After his large drawings of Man and Woman, Gaffney resorted to more intimate, smaller collages. Reminiscent of icons, they continued his search and messages for spirituality. They included carefully selected images placed side by side: religious figures and angels, cosmos elements, all connected to each others by guiding lines, as if leading the way, creating direction maps and diagrams. Birds, spiritual symbols, often appeared in them, flying between the realm of earth and that of sky, linking matter to spirit. Gaffney wanted his collages to trigger questioning about the world and our role in it; also generate awe.
“In the 21st century we think we know everything, have control, are safe, in no need of connection,” he says, “I want to break down these passive ways of thinking; there’s more, there is still mystery, and our collective experience demands our direct involvement and commitment.”
With time, however, Gaffney found his collages limiting his messages to only a narrow gallery audience. He initially expanded their content into installations, creating thus a real spiritual space, one directly experienced by the viewer, not just an illusion on a flat page. Then, in his search of different means to reach larger audiences, he branched into words, performances, interventions, aiming at messages more direct and more accessible.
To that effect he received a Cincinnati City Arts Allocation grant to make bumper stickers, yard signs, magnet cards, billboards, all including words of wisdom, ideas towards a more humane approach to the world. Using simple and straightforward sentences such as: ‘Ask for Less’, ‘Practice Being Human’, ‘Integrity Always Costs More’, etc. he wanted individuals to stop, think about experiences and situations in their lives, about what it means to be human nowadays.
When The Art Academy first moved to downtown Cincinnati, he designed a short survey to engage the local community, communicate with its members, discover their philosophy of life, their likes and dislikes. Using numbers and statistics gleaned from the Internet and that reflected current social and political reality, he generated STATart, data he distributed at an SOS Art event in order to educate and persuade.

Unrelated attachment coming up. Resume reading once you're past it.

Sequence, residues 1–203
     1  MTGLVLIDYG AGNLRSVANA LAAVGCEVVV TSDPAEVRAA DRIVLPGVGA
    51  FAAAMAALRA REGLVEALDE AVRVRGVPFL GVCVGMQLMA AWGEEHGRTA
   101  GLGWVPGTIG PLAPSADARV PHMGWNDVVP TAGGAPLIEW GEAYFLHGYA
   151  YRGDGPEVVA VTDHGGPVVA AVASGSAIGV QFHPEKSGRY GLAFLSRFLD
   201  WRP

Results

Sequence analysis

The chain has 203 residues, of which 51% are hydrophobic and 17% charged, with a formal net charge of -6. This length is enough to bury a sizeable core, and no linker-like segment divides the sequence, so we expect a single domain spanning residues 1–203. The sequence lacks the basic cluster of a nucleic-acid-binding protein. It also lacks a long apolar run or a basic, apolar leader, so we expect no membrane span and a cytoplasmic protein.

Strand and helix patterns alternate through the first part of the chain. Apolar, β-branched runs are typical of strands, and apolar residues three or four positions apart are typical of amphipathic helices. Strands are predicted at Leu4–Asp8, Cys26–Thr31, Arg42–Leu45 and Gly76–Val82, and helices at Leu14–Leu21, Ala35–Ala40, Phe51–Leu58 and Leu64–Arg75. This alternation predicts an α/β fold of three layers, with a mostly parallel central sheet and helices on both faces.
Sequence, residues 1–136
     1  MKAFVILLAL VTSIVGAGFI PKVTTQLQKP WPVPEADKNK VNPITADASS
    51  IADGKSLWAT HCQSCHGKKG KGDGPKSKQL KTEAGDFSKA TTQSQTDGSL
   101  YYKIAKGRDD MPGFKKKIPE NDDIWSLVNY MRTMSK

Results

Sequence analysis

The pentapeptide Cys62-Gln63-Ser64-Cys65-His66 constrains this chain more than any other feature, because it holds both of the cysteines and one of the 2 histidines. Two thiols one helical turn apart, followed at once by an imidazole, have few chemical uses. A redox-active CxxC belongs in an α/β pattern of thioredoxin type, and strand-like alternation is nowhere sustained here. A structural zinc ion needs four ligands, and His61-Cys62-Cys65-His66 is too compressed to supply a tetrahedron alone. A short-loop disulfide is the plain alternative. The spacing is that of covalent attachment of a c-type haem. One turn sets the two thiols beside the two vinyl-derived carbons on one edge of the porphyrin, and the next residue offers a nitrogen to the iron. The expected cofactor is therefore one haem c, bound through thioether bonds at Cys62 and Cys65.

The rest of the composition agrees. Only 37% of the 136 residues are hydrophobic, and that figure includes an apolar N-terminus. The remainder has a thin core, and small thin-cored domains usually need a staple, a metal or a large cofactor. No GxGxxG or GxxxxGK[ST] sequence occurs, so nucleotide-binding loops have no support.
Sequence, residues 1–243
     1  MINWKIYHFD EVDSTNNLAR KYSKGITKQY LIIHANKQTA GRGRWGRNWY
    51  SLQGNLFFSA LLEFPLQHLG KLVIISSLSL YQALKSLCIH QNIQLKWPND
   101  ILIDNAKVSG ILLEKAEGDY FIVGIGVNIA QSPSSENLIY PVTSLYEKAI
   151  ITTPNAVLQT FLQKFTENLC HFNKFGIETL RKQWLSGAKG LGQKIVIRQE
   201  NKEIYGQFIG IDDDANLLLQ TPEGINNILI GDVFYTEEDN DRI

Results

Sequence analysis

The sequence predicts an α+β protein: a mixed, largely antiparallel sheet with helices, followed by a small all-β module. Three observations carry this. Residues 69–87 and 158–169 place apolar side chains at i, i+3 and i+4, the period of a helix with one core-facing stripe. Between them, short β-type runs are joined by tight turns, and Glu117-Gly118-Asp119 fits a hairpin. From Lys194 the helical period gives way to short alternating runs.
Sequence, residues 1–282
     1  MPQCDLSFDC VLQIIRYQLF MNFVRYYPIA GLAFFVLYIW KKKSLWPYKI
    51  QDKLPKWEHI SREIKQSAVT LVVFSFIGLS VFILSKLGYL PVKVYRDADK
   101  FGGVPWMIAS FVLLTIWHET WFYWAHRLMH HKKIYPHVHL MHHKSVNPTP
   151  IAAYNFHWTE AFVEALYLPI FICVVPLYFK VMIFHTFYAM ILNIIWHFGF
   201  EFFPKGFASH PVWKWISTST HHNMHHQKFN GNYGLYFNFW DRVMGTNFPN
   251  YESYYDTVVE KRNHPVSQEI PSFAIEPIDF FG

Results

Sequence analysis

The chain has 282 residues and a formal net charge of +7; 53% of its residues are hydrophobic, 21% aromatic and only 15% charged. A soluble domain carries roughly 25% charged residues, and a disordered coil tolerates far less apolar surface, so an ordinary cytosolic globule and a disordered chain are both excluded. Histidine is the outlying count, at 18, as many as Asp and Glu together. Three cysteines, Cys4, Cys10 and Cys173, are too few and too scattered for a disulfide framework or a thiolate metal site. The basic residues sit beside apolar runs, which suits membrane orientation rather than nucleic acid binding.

Gaffney is also a poet and a writer in his own right. Mil Preguntas, his poem with 1000 questions, reflects on various issues facing the planet and the role of humankind. His Short Lives of 100 Persons, in progress, features imaginary characters to be visually rendered by student artists, thus shedding light on stereotypes and prejudice, on how one sees things, how one thinks a person looks like.
He is currently seeking to implement his Wisdom Project in various settings. The project consists of individuals who share the same environment, to display, written on neck badges, their thoughts of wisdom for the day, the goal being to interact with others, express and exchange deeper ideas, generate richer discussions.
Gaffney has always held the human in the midst of his concerns. His work consistently points to humans’ essential role as active and responsible, also spiritual participants in the world; it involves direct engagement with the viewer.
“I use art to make sense of the world, to test my vision of it, to find my place in it, to share it with others,” he says. “Art has transformed my life; I hope I can offer that possibility also to others.”